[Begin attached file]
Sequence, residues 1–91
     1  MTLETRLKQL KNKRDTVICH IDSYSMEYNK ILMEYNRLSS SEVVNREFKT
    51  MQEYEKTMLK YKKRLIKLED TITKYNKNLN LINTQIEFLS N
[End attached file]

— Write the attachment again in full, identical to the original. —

Sequence, residues 1–91
     1  MTLETRLKQL KNKRDTVICH IDSYSMEYNK ILMEYNRLSS SEVVNREFKT
    51  MQEYEKTMLK YKKRLIKLED TITKYNKNLN LINTQIEFLS N